Thursday, February 2, 2017

Book 62: Zodiac

"The writing of the next two Zodiac letters, I speculated, went like this: the stocky man began to write with a frenzy. Crouched in the silence of his basement, he donned his gloves and took up his felt-tip pen. Outside the day was bright; here, he was cloaked in gloom, a blackness that clung to every corner of his work area punctuated only by one strange light."

Dates read: June 13-20, 2016

Rating: 5/10

There's nothing like an unsolved mystery. When I was a kid I would sometimes sneak downstairs and watch reruns of Unsolved Mysteries when they were on some cable channel or another at midnight. Maybe you can help solve a mystery, you know? Which underlies the enduring appeal of another serial killer: the Zodiac. The case was never cracked. We're not even really sure how many victims he had. There are clues, not in the least the cryptograms he spent out, but not that many, even, really. We'll almost certainly never know, and that's the kind of thing that gets beneath people's skins and drives them crazy.

Robert Graysmith was a political cartoonist at the San Francisco Chronicle when those cryptograms started coming in, and his book Zodiac details the case and how it sucked him in. He developed friendships and relationships with the reporters and police working the case and couldn't stop himself from doing a bit of his own investigating on the side. The book describes the crimes police are certain were committed by the Zodiac and then goes on to crimes they think he committed, and their befuddlement as his claimed body count in his letters goes up and up without real certainty as to which disappearances and murders actually belong to him. It could be a handful. It could be a few dozen. It could be hundreds. There's really no way to be sure.

For me, the strongest part of the book was the first half or so, the crimes we can definitely connect to the Zodiac. Graysmith narrates the last hours in the lives of the victims, tension building as the reader knows that the grisly and terrifying end is coming up just around the corner. He narrates the confusion of the police, left with bloody crime scenes with no apparent motive and no clues. And then the cryptograms and taunting letters start coming, rubbing their faces in it, threatening school buses of children with bombs, forcing them to take him seriously even as they got nowhere trying to figure out who he was.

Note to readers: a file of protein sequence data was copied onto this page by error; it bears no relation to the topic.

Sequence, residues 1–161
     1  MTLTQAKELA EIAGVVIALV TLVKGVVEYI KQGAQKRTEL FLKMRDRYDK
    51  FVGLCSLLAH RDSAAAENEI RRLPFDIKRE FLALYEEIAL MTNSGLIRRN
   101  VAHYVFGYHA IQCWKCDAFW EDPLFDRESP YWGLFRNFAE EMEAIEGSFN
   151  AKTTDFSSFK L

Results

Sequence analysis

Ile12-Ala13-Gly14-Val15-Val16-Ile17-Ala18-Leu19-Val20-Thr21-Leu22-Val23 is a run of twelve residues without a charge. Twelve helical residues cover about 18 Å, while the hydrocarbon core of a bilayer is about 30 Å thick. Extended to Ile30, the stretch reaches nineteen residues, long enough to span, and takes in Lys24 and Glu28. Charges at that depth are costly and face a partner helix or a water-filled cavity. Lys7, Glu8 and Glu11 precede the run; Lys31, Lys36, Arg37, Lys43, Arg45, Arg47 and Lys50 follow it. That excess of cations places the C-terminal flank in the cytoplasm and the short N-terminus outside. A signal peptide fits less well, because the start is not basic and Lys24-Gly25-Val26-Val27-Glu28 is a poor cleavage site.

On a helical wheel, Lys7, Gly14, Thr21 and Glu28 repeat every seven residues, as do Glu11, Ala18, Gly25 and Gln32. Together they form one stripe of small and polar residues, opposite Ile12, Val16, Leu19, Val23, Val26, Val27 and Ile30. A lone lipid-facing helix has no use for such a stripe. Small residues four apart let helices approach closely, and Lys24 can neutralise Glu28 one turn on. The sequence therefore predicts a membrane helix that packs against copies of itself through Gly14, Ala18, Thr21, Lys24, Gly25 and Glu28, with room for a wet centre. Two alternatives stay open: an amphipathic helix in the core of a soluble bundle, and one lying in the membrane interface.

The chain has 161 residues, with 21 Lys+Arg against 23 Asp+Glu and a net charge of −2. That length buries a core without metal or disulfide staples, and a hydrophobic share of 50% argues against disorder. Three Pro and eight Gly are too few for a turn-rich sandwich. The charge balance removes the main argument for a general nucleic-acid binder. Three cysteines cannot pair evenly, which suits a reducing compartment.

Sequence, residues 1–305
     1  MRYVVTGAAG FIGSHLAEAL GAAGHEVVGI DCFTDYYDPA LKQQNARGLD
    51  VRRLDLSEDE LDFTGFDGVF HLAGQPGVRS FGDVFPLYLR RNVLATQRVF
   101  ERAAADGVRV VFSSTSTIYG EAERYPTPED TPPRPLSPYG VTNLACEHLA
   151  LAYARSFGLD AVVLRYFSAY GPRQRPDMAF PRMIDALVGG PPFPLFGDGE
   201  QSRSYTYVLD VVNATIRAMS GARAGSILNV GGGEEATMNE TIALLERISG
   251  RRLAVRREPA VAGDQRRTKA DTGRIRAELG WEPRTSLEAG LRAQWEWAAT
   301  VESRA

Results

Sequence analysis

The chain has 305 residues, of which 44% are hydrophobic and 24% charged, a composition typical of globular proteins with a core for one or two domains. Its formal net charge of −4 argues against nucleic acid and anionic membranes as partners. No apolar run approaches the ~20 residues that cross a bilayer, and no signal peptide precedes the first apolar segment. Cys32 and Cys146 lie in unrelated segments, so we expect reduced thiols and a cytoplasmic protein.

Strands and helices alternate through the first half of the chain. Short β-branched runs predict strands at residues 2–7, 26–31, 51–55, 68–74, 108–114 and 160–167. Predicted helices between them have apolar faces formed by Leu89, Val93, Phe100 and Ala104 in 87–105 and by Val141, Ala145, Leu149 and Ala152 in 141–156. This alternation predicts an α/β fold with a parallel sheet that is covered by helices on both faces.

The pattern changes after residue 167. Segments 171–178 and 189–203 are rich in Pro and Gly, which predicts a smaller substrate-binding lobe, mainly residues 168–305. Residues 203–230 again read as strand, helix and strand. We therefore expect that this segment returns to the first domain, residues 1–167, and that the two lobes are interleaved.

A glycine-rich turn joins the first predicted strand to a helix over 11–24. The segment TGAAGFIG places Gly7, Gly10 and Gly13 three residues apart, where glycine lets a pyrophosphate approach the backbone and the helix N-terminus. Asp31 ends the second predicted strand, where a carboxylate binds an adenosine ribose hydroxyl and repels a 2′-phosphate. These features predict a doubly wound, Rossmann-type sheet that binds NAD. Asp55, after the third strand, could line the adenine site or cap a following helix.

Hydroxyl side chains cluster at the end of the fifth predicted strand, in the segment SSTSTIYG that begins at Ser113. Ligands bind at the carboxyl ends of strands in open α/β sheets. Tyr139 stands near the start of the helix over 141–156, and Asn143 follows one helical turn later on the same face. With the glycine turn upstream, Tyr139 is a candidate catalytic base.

But it falls apart a bit as the letters keep coming but it gets harder to tie the boasts they contain to actual crimes. There are unsolved murders, but they fall outside his usual M.O. Did he switch things up to throw them off? Or are these entirely different perpetrators? And as the letters themselves became less and less frequent, Graysmith starts chasing his own leads. The book is less and less sure of the story it's trying to tell. Is it true crime? Is it a murder mystery? Is it a story about men who can't let go of a puzzle that got the best of them? It just kind of meanders around without much of a point. And Graysmith wasn't really a writer, and it shows: his prose isn't particularly great. We don't really get a handle on anything: the Zodiac killer, the personalities of the police hunting him, even the suspects Graysmith tracks down. It's just a pretty rote recitation of increasingly disjointed facts. If you're a devotee of true crime stories, especially about serial killers, or are interested in the Zodiac case, you might like this. I was hoping to like it more than I actually did.

Tell me, blog there a serial killer that you find especially interesting?

One year ago, I was reading: Creative Mythology


  1. Oh man - I'm sorry to hear this one went off the rails for you. I have a weird fascination with serial killers and true crime and watched the Zodiac documentary...and I think I had this book on my TBR list.

    Also read a fantastic book on Ted Bundy, The Stranger Beside Me by Ann Rule.

    1. I watched the movie version of Zodiac and even though it was well-regarded, it did NOTHING for me. I think the Zodiac killer is super interesting, but I haven't found someone to tell that story in a way that hooks me yet. I LOVE The Stranger Beside Me! I've read and re-read it several times